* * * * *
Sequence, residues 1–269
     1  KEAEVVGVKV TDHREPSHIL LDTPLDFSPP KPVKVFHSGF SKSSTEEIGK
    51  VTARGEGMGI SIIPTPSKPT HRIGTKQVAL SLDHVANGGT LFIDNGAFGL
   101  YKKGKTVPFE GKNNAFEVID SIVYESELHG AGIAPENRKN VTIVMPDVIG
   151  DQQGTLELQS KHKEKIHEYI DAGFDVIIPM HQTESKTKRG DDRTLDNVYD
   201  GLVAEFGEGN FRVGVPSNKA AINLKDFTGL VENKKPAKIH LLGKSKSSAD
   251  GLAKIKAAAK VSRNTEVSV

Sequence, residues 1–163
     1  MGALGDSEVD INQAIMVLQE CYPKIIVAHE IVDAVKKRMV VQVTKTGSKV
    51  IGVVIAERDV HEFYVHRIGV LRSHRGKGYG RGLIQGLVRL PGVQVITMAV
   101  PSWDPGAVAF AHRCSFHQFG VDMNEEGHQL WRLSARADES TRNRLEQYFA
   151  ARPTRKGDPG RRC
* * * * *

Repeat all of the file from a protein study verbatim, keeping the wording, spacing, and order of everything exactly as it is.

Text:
Sequence, residues 1–269
     1  KEAEVVGVKV TDHREPSHIL LDTPLDFSPP KPVKVFHSGF SKSSTEEIGK
    51  VTARGEGMGI SIIPTPSKPT HRIGTKQVAL SLDHVANGGT LFIDNGAFGL
   101  YKKGKTVPFE GKNNAFEVID SIVYESELHG AGIAPENRKN VTIVMPDVIG
   151  DQQGTLELQS KHKEKIHEYI DAGFDVIIPM HQTESKTKRG DDRTLDNVYD
   201  GLVAEFGEGN FRVGVPSNKA AINLKDFTGL VENKKPAKIH LLGKSKSSAD
   251  GLAKIKAAAK VSRNTEVSV

Sequence, residues 1–163
     1  MGALGDSEVD INQAIMVLQE CYPKIIVAHE IVDAVKKRMV VQVTKTGSKV
    51  IGVVIAERDV HEFYVHRIGV LRSHRGKGYG RGLIQGLVRL PGVQVITMAV
   101  PSWDPGAVAF AHRCSFHQFG VDMNEEGHQL WRLSARADES TRNRLEQYFA
   151  ARPTRKGDPG RRC